Research shows the osteoporosis drug ibandronate sodium (or ibandronic acid)—sold under the brand name Boniva, Bondronat, and Bonviva—causes atypical thigh bone fractures and osteonecrosis of the jaw (jawbone death).
What Is Boniva? When Is It Prescribed?
Boniva is the brand name for the drug ibandronate sodium. Sold by Swiss pharmaceutical giant Hoffman-LaRoche (and also by the British pharmaceutical company GlaxoSmithKline, Plc.), this prescription medication is used to treat osteoporosis and hypercalcemia. The U.S. Food and Drug Administration (FDA) first approved the drug in May 2003. Hoffman-LaRoche earned about $1 billion in Boniva sales through 2010.
Boniva is a bisphosphonate drug prescribed for post-menopausal women that works by reducing bone degeneration, a process referred to as “resorption.” Related to natural bone-regulating chemicals, the drug does not inhibit bone mineralization. Consequently, one can take ibandronate sodium along with calcium and vitamin D supplements and see some bone mineralization. Unfortunately, the human body does not absorb the drug well, and much of it is excreted through the kidneys. Boniva is sold in 150 mg oral tablets taken monthly. (An earlier daily version of Boniva containing 2.5 mg of ibandronate sodium was discontinued due to safety and efficacy reasons). It must be taken without food, and users must fast for a time to allow the drug to take effect.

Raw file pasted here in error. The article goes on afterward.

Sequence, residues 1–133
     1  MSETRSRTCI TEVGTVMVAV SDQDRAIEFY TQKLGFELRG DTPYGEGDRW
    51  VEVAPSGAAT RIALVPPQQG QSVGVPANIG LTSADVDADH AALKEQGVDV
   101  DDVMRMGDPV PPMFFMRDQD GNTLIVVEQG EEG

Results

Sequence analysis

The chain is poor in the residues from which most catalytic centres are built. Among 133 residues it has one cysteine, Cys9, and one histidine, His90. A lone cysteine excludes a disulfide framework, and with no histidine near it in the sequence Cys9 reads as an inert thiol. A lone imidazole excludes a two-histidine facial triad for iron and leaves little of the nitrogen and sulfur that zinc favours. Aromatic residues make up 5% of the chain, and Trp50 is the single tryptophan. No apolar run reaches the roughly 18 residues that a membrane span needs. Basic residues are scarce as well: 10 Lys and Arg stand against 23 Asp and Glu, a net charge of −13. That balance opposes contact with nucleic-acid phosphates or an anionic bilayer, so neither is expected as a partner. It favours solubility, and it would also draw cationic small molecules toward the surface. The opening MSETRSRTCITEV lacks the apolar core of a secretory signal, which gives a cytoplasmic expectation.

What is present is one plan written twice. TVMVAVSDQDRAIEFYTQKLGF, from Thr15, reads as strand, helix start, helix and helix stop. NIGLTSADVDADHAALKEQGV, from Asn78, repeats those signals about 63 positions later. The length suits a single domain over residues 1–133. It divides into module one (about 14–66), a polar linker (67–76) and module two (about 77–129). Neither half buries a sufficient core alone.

Boniva Side Effects
Since 2000, the FDA has known about bisphosphonates’ tendency to cause osteonecrosis of the jaw (ONJ) when they are given to cancer patients. ONJ is a painful, disfiguring bone disease that affects people’s jaw bones—specifically, the bone mass in the mandible (lower jaw bone) and maxilla (upper jaw bone) die. Usually, this is caused by a badly performed tooth extraction procedure that leaves a portion of jaw bone exposed. It then becomes infected and the jaw bone begins dying off. In extreme circumstances, the patient’s jaw bone must be removed to prevent further bone damage. Symptoms include:
- jaw pain
- jaw feeling “heavy”
- gum swelling
- loose teeth
- jaw bone exposure
A study conducted by the American Society for Bone and Mineral Research (ASBMR) found that Boniva use correlates to sudden unusual bone fractures, particularly in the thigh bone (femur). The FDA refers to these as “subtrochanteric and diaphyseal femur fractures,” and on October 13, 2010, it announced that it would require a labeling change to all bisphosphonate products, including Boniva. Atypical subtrochanteric femur fractures are very rare, but they appear more common among long-term Boniva takers. The ASBMR study investigated 310 cases of atypical femur fractures, finding that 291 of them were taking a bisphosphonate. Boniva users who experience any thigh pain should contact their physicians promptly.
RLG’s Lawyers Will Make Things Easier
The process of demanding compensation for the harm you’ve suffered can be complicated, even if it doesn’t seem fair that you should have to go through even more trouble to be made whole again. The lawyers at the Rottenstein Law Group believe that obtaining legal satisfaction from those who harmed you shouldn’t require more hardship. That’s why we do everything we can to streamline the process, and we will file a Boniva lawsuit on your behalf if necessary.
If you have taken Boniva and believe it harmed you, contact RLG today.